Anamoe is the first Caulfield Guineas winner to go on and win a Group 1 race at four since Whobegotyou 13 years ago, and the first colt to do so since the legendary Lonhro 20 years ago.

For the connections of one of Anamoe’s key rivals on Saturday, Profondo, circumstances meant there was little choice but to press on into his four-year-old season. At this point 12 months ago, Profondo hadn’t debuted but once he did, made quick tracks to the top, winning the G1 Spring Champion Stakes at just his third start.

A sale-topping son of Deep Impact with a Group 1 on his resume so early in his career, he was hailed as one of the most valuable colts in the land, but for Profondo to stamp an equally quick progression to the breeding barn, he needed to back it up in the autumn.

What eventuated was somewhat of a trainwreck. His inexperience was clear for all to see in his failure in the Australian Guineas and he over-raced and was among the first beaten when nearly nine lengths behind Anamoe in the Rosehill Guineas.

Trainer Richard Litt, who has already made owner Ottavia Galetta a stallion with Castelvecchio, needs to resurrect Profondo’s prestigious talent this spring and the four-year-old backed up his trainer’s faith with an excellent third on Saturday, having tracked wide throughout.

The scope for improvement for Profondo is much greater than most other horses coming off a Group One winning three-year-old season as it is just his third racing preparation. In contrast, Saturday was the start of Anamoe’s fifth campaign.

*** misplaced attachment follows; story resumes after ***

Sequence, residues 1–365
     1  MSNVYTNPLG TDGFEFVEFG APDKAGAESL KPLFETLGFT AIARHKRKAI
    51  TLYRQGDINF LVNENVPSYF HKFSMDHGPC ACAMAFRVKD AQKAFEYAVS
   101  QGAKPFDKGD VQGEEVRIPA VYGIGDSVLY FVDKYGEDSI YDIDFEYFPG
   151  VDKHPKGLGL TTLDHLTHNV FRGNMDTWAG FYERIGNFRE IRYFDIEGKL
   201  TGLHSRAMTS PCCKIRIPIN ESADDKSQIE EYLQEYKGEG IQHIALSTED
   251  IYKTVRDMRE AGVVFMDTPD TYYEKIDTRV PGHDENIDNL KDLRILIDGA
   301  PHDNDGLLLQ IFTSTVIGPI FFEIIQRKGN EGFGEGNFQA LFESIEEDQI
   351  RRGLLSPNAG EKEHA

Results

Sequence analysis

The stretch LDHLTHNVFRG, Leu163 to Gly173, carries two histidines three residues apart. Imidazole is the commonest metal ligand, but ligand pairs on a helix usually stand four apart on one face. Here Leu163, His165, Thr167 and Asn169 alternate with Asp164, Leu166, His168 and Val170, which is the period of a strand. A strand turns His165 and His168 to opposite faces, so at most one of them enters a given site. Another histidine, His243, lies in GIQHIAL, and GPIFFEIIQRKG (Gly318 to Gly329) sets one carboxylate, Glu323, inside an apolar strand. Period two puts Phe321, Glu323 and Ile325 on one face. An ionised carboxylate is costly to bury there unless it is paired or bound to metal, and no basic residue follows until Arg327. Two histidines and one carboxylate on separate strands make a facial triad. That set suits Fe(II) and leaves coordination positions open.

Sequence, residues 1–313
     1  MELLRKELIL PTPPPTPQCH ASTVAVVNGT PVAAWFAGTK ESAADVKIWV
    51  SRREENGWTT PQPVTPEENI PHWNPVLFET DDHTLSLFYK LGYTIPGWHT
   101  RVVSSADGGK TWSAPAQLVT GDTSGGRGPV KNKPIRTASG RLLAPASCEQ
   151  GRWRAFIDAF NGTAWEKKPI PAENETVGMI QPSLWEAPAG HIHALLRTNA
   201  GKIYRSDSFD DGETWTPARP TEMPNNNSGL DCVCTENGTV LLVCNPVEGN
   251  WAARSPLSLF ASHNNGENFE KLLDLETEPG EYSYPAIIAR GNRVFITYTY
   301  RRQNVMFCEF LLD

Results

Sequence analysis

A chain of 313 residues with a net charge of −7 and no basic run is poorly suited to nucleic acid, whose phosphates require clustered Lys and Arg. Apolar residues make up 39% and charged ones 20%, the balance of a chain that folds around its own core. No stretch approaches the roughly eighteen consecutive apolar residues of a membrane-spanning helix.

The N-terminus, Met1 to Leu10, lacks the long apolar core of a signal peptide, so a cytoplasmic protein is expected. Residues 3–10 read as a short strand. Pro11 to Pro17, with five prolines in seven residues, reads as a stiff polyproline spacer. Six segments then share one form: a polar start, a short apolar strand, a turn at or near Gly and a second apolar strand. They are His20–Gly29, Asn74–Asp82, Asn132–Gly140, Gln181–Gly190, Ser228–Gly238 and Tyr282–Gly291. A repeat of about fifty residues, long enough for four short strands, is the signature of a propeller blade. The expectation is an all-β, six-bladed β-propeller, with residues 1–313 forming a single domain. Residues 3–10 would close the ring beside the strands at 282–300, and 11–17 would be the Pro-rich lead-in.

Another four-year-old colt and possible stallion prospect to run well in the Winx Stakes was Hilal. Already a Group Two winner, Hilal can stamp his progress to the breeding barn with a Group 1 for his breeders and owners at Emirates Park.

The decision to point a stallion prospect at another spring campaign is an all-in strategy. Unlike top-class mares, who can be headed straight for the breeding barn or digital sales ring if they just don’t come up, the nature of the stallion industry does not allow for a late change of heart.

Mo'unga is destined for a stud career at the Kelly family's Newhaven Park. (Photo by Mark Evans/Getty Images)

When new owners Newhaven Park decided to push on with a five-year-old campaign for dual Group 1-winning stallion Mo’unga it raised some eyebrows at the time. Given he trailed the field on Saturday in a race he had won 12 months earlier, his racetrack career is at a crossroad.

The search to put an exclamation mark on racetrack credentials can often lead instead to question marks and the manner in which Mo’unga handled the pre-race parade on Saturday would indicate he’d rather be somewhere else.

But he is already locked in on the track for the spring and any change of heart to send him to stud this year is highly unlikely. It would result in a rushed mare book and compromise the start to his stud career.

It’s such a fine line and one that Godolphin, so replete with resources and stacked with stallion talent, can afford to walk with an exceptional talent in Anamoe. That risk has already yielded reward, the question now is whether they are prepared to go again and test their Australian champion out on the world stage. It is one James Cummings and Godoplhin Australia Managing Director Vin Cox are certainly contemplating.